Version 1.2.0

Released on: 2019/07/23

Bug fixes:

  • Return the correct coordinates when passing pixel_register=True and shape to verde.grid_coordinates. The returned coordinates had 1 too few elements in each dimension (and the wrong values). This is because we generate grid-line registered points first and then shift them to the center of the pixels and drop the last point. This only works when specifying spacing because it will generate the right amount of points. When shape is given, we need to first convert it to “grid-line” shape (with 1 extra point per dimension) before generating coordinates. (#183)
  • Reset force coordinates when refitting splines. Previously, the splines set the force coordinates from the data coordinates only the first time fit was called. This means that when fitting on different data, the spline would still use the old coordinates leading to a poor prediction score. Now, the spline will use the coordinates of the current data passed to fit. This only affects cases where force_coords=None. It’s a slight change and only affects some of the scores for cross-validation. (#191)

New functions/classes:

  • New class verde.SplineCV: a cross-validated version of Spline . that performs grid search cross-validation to automatically tune the parameters of a Spline. (#185)
  • New function verde.longitude_continuity to format longitudes to a continuous range so that they can be indexed with verde.inside (#181)
  • New function verde.load_surfer to load grid data from a Surfer ASCII file (a contouring, griding and surface mapping software from GoldenSoftware). (#169)
  • New function verde.median_distance that calculates the median near neighbor distance between each point in the given dataset. (#163)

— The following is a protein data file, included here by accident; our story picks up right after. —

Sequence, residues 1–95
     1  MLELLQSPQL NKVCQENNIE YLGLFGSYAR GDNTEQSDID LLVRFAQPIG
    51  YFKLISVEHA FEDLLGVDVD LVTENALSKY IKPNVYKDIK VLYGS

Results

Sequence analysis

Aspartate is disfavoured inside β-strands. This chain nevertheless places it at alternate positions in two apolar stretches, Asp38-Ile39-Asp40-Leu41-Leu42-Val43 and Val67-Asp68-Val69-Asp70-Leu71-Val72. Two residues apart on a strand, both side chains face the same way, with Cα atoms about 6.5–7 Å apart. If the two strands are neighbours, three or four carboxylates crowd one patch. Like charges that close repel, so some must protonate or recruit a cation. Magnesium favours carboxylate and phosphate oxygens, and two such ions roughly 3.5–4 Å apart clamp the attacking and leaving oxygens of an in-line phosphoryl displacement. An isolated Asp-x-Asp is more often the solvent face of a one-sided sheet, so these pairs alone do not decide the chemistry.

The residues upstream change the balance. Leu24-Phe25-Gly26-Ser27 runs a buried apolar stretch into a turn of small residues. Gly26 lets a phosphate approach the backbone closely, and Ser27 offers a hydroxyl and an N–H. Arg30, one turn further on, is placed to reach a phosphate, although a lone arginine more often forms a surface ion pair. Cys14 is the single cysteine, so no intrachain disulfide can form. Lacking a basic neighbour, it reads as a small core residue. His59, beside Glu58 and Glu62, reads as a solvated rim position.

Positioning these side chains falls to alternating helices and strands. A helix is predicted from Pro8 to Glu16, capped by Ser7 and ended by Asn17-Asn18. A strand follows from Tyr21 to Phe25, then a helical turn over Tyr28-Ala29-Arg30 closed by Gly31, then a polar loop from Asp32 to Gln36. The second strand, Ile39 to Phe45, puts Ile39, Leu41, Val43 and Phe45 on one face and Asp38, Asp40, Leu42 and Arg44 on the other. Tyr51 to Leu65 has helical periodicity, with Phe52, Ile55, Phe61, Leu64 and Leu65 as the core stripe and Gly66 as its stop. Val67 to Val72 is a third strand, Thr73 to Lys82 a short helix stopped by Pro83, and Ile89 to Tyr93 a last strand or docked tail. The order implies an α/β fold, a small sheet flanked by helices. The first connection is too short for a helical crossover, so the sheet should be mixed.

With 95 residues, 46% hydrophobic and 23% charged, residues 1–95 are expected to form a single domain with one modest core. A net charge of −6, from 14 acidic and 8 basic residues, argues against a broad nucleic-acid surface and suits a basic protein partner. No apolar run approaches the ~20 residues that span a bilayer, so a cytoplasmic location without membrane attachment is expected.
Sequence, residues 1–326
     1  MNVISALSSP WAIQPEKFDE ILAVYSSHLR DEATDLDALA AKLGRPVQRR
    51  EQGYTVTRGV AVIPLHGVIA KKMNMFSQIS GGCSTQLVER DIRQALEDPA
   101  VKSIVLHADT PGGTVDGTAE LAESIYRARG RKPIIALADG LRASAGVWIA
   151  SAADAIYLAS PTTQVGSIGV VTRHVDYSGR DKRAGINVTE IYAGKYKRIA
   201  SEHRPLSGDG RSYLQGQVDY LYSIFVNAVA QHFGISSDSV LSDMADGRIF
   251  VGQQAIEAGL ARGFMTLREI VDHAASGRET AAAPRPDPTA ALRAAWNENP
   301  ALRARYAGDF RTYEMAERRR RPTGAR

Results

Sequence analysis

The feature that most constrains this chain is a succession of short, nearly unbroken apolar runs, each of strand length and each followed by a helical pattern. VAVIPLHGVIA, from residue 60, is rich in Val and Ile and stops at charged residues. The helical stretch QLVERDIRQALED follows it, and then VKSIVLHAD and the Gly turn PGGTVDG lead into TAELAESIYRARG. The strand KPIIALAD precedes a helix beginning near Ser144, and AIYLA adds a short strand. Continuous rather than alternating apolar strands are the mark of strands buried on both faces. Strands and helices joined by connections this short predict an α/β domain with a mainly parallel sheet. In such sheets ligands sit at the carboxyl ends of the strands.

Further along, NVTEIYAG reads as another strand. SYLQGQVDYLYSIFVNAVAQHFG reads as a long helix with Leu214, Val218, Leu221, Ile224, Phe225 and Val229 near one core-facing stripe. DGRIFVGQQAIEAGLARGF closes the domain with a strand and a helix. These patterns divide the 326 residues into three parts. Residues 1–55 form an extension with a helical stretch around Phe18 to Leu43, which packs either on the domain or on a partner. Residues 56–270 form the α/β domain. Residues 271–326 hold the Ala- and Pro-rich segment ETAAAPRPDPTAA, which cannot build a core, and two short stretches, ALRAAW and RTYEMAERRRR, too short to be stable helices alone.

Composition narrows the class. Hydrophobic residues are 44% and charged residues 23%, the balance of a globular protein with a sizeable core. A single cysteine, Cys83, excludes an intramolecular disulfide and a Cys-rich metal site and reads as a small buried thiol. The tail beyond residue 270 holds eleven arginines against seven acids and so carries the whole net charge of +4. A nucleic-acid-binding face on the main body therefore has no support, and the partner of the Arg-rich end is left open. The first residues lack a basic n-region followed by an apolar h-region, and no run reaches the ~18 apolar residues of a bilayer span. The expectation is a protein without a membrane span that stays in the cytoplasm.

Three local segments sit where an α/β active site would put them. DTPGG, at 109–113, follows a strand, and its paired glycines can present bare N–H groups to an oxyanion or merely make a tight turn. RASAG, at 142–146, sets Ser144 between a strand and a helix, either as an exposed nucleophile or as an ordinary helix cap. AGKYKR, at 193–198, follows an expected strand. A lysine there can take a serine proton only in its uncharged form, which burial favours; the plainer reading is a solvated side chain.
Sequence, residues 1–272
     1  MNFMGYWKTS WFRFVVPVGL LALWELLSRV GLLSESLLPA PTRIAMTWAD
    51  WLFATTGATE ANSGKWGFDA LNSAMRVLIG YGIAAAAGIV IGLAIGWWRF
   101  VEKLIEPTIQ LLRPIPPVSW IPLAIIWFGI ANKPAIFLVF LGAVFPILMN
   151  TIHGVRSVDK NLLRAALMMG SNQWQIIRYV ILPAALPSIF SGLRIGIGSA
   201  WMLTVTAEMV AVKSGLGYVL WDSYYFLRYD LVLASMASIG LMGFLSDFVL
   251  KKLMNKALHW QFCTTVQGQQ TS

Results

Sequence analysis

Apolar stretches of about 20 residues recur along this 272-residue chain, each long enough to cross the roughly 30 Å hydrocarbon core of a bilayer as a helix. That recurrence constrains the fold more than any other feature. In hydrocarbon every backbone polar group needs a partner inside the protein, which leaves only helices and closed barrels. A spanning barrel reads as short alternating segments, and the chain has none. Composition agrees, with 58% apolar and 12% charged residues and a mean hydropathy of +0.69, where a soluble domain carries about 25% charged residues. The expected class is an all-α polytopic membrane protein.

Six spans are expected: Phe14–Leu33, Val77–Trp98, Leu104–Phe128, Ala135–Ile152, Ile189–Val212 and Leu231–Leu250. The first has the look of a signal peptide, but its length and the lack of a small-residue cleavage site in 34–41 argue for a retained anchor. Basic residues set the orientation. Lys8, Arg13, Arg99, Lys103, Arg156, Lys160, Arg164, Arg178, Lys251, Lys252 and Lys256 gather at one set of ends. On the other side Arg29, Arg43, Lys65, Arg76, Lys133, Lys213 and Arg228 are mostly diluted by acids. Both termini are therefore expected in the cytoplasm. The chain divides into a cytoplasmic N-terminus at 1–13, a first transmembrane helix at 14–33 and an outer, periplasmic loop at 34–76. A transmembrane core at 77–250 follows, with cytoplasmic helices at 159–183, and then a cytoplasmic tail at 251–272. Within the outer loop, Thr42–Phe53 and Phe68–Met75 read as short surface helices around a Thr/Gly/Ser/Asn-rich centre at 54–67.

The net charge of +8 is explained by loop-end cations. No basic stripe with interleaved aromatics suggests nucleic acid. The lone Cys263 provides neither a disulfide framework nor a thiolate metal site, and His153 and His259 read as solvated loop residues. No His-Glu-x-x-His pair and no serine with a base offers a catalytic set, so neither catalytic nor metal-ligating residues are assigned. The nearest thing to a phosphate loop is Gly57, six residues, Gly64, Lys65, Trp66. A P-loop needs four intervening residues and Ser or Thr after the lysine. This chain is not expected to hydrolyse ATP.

• Allow verde.block_split and verde.BlockReduce to take a shape argument instead of spacing. Useful when the size of the block is less meaningful than the number of blocks. (#184)
  • Allow zero degree polynomials in verde.Trend, which represents a mean value. (#162)
  • Function verde.cross_val_score returns a numpy array instead of a list for easier computations on the results. (#160)
  • Function verde.maxabs now handles inputs with NaNs automatically. (#158)


  • New tutorial to explain the intricacies of grid coordinates generation, adjusting spacing vs region, pixel registration, etc. (#192)


  • Drop support for Python 3.5. (#178)
  • Add support for Python 3.7. (#150)
  • More functions are now part of the base API: n_1d_arrays, check_fit_input and least_squares are now included in verde.base. (#156)

This release contains contributions from:

  • Goto15
  • Lindsey Heagy
  • Jesse Pisel
  • Santiago Soler
  • Leonardo Uieda

Version 1.1.0

Released on: 2018/11/06

New features:

  • New verde.grid_to_table function that converts grids to xyz tables with the coordinate and data values for each grid point (#148)
  • Add an extra_coords option to coordinate generators (grid_coordinates, scatter_points, and profile_coordinates) to specify a constant value to be used as an extra coordinate (#145)
  • Allow gridders to pass extra keyword arguments (**kwargs) for the coordinate generator functions (#144)


  • Don’t use the Jacobian matrix for predictions to avoid memory overloads. Use dedicated and numba wrapped functions instead. As a consequence, predictions are also a bit faster when numba is installed (#149)
  • Set the default n_splits=5 when using KFold from scikit-learn (#143)

Bug fixes:

  • Use the xarray grid’s pcolormesh method instead of matplotlib to plot grids in the examples. The xarray method takes care of shifting the pixels by half a spacing when grids are not pixel registered (#151)

New contributors to the project:

  • Jesse Pisel

Version 1.0.1

Released on: 2018/10/10
  • Paper submission to JOSS (#134). This is the new default citation for Verde.
  • Remove default shape for the grid method (#140). There is no reason to have one and it wasn’t even implemented in grid_coordinates.
  • Fix typo in the weights tutorial (#136).

Version 1.0.0

Released on: 2018/09/13
  • First release of Verde. Establishes the gridder API and includes blocked reductions, bi-harmonic splines [Sandwell1987], coupled 2D interpolation [SandwellWessel2016], chaining operations to form a pipeline, and more.